To the east is Tokyo University, the most prestigious in Asia, and scattered among the parks and temples of Bunkyo-ku are a crop of superior colleges and higher education institutes.
The concentration of good universities has encouraged a concentration of elite high schools; associated with the smart schools are smart kindergartens. And it was from one of these, attended by her older brother, that two- year-old Haruna Wakayama was snatched last month.
One moment she was there, the next she had gone. A frantic search involving hundreds of police produced no trace.
Then, three days later, a weeping 35-year-old woman named Mitsuko Yamada walked into a Tokyo police station with a story to tell. It was she, according to the police, who had lured Haruna away from her mother, and took her to the nearby public lavatories, where the child was throttled with a scarf.
After wrapping the body in a black bag, Mrs Yamada took it by train to her parents' home in the countryside, where she buried it in the back yard.
But if the circumstances of the murder were shocking enough, it was the alleged motive which has provoked the greatest horror. For according to police leaks, Haruna was killed because of education.
Both Mrs Yamada and Mrs Wakayama had sons at the elite Otowa Nursery School, where the abduction took place. Both had two-year-old daughters who had been entered for similarly prestigious kindergartens.
A few days before the murder, Haruna had been accepted for a place, while Mrs Yamada's daughter had been turned down. The details are still hazy, but the Japanese media are in little doubt - Mrs Yamada killed her victim in a fit of envy.
The murder has highlighted once again the species known in Japanese as kyoiku mama - "education mums". For decades, the country's teenagers have gone through so-called "examination hell", the annual struggle to get into the best universities, but recently the ordeal has begun even younger.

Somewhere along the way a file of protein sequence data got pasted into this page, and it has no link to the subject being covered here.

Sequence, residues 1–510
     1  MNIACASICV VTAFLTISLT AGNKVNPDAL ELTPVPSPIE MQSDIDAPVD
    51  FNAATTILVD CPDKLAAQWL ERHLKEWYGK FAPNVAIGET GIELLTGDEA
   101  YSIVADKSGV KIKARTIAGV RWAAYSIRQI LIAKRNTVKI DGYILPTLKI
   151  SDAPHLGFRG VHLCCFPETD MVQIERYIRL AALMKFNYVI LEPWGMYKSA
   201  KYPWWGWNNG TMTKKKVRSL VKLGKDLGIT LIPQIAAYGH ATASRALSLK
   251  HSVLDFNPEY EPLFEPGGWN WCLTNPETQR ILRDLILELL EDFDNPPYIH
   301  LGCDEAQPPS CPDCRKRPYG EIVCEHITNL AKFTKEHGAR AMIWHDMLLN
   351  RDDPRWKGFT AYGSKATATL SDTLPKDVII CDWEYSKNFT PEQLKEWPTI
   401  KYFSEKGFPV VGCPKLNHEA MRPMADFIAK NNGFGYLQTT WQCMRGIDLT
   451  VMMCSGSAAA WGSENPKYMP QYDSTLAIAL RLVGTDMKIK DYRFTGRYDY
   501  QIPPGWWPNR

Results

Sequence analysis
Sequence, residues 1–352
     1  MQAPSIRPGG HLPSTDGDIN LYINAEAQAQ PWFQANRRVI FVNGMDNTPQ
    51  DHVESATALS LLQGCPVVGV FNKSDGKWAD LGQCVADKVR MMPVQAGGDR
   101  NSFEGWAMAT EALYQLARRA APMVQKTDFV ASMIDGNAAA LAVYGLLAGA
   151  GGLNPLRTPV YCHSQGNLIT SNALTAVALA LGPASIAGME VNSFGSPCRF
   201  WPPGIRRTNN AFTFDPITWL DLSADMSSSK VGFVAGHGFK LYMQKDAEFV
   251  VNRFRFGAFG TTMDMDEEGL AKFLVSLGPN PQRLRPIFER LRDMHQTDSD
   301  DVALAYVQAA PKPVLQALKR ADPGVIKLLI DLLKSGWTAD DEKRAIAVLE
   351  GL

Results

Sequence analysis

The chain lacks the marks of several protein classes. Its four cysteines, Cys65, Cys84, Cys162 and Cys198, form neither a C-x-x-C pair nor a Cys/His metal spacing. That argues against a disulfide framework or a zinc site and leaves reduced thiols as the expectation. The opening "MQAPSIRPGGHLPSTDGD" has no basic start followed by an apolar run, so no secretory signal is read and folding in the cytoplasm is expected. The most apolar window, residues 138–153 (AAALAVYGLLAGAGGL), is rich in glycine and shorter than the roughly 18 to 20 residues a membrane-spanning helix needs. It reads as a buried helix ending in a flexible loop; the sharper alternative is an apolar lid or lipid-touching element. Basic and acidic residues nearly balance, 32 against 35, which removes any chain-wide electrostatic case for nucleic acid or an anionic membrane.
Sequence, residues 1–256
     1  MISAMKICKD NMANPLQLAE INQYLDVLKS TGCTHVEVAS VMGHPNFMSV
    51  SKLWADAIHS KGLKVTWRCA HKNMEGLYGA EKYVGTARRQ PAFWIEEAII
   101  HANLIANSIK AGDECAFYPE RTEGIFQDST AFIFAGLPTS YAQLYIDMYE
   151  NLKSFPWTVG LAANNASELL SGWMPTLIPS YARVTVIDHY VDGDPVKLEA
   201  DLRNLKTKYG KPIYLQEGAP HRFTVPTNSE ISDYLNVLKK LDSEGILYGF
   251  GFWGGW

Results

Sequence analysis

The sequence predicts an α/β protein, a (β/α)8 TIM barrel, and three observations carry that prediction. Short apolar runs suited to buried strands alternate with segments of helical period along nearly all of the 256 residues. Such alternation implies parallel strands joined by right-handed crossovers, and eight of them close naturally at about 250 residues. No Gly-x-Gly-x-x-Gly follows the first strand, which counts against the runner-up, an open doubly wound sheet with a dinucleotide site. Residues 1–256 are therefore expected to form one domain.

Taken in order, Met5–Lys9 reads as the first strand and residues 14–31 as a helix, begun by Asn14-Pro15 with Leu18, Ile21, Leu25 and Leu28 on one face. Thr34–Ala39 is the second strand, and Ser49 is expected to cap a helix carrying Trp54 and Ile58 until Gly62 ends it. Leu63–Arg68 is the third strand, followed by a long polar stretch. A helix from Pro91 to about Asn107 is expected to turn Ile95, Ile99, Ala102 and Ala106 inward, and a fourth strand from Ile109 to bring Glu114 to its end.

Prestige secondary schools, which prepare children for university, are in turn served by elite junior schools, which recruit from the cream of the kindergartens. In the past 10 years, an even more alarming industry has established itself: cramming schools for toddlers and even babies, to prepare them for "entrance examinations" for nursery.
Teachers estimate that there are 5,000 of these infant scholars in Tokyo alone. In Bunkyo-ku, 80 per cent of children have sat through some kind of "exam" by the time they are six.
A typical course of tuition costs 1.2m yen (pounds 7,400) for an exam which typically consists of identifying colours and a few minutes of baby talk. But the talents and potential of children are hardly the point here - the kindergarten cramming craze is all about competition between parents.
A glut of media reports on nursery schools last week depicted them as seething cauldrons of adult ambition and rivalry, as bitter as that of any office. The magazine Aera interviewed a professional counsellor who reported growing numbers of young housewives tormented by the psychological warfare among their peers.
"In the past raising healthy children was something respected and admired in itself," said Hisako Nagahisa, a psychologist at Tokyo's Shirayuri University. "But nowadays women find it harder to take pride in the job of bringing up children. These women look for a simple way to measure their own worth in the eyes of society, and they find it in their children's entrance examinations."